The Kill Wagon crashes on the planet Hell after a Dalek attack in space. Harma, Salander and Mercurius apparently perish in the crash, but Abslom Daak survives and teams up with the Doctor to investigate the Dalek presence on Hell. They steal a Dalek cargo freighter and once in orbit, discover a massive Dalek Death Wheel under construction. The Doctor is captured and interrogated by the Dalek Emperor, whilst Daak learns that the Death Wheel is a huge genocide weapon. He rescues the Doctor, but his chain sword is destroyed. They locate the Death Wheel's central reactor. The Doctor resolves to destroy it, but Daak undertakes the suicidal task himself by flying into the reactor core on a Dalek hover disk. The Death Wheel explodes. Free of the Dalek presence, the native Helkans bury Taiyin's capsule as a mark of respect to Daak, their great hero.

Emperor of the Daleks

Six-part comic strip, Doctor Who Magazine 197-202 (1993)
Story: Paul Cornell
Art: Lee Sullivan

Emperor of the Daleks
Part 3 (DWM 199, 1993)

Abslom Daak is snatched to Skaro just as he is about to die in the destruction of the Dalek Death Wheel. Tricked into believing he is on Earth, Daak is equipped with a new, improved chain sword and sent to find the Doctor, in exchange for treatment for Taiyin. The Doctor, accompanied by Bernice, returns to the planet Hell and discovers Harma, Salander and Mercurius are very much alive - they were only injured in the crash, and were healed by Helkan medicine. Daak materialises beside Taiyin's (unearthed) capsule, and the group is transported to Skaro, where they are soon surrounded by Daleks, to Daak's delight. The group evades capture, but Taiyin's body has been booby-trapped by the Daleks and when Daak goes to move her, they are all gassed. Daak, Bernice, Harma, Salander and Mercurius are put under Dalek mind control and are used as Roboman troops in a mission to the planet Spiridon to locate Davros. The Dalek creator has redesigned the Daleks which were entombed there, and emerges triumphant in a battle between the two factions. Daak, Bernice and the others are released from the mind control, and when they return to Skaro, Daak attacks Davros, slicing his chair in half with his chain sword. Escaping Skaro, the group travels to the planet Paradise. Daak has got over Taiyin, but is now fixated on Bernice...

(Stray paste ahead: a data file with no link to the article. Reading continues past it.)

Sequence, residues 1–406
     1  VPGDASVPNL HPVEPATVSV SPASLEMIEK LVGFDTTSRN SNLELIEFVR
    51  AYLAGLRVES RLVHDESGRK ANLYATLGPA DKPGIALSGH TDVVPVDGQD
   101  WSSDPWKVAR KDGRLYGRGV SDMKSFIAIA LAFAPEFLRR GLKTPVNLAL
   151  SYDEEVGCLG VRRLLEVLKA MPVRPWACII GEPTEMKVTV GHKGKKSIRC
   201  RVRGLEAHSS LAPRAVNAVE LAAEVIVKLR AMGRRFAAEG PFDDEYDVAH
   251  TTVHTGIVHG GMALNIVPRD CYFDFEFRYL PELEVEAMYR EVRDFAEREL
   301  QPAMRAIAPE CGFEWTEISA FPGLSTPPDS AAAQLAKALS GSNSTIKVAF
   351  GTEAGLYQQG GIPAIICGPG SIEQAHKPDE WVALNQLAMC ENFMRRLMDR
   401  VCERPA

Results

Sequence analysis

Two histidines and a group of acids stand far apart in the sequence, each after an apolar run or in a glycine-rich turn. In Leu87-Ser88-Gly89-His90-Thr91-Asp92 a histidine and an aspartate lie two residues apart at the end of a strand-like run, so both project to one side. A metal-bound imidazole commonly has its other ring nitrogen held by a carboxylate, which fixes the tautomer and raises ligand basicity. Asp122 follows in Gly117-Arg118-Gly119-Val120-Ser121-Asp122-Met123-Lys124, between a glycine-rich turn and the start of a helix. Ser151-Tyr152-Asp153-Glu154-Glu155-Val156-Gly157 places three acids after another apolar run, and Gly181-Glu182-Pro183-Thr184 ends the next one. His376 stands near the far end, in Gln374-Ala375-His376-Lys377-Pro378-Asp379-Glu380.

• Abslom Daak - Dalek Killer, Marvel, 1990
  • Deceit by Peter Darvill-Evans, Virgin, 1993
  • Doctor Who Classic Comics (No.9 & 10), Marvel, 1993
  • The Terrestrial Index by Jean-Marc Lofficier, Virgin, 1991

This item appeared in TSV 35 (September 1993).

Index nodes: Deceit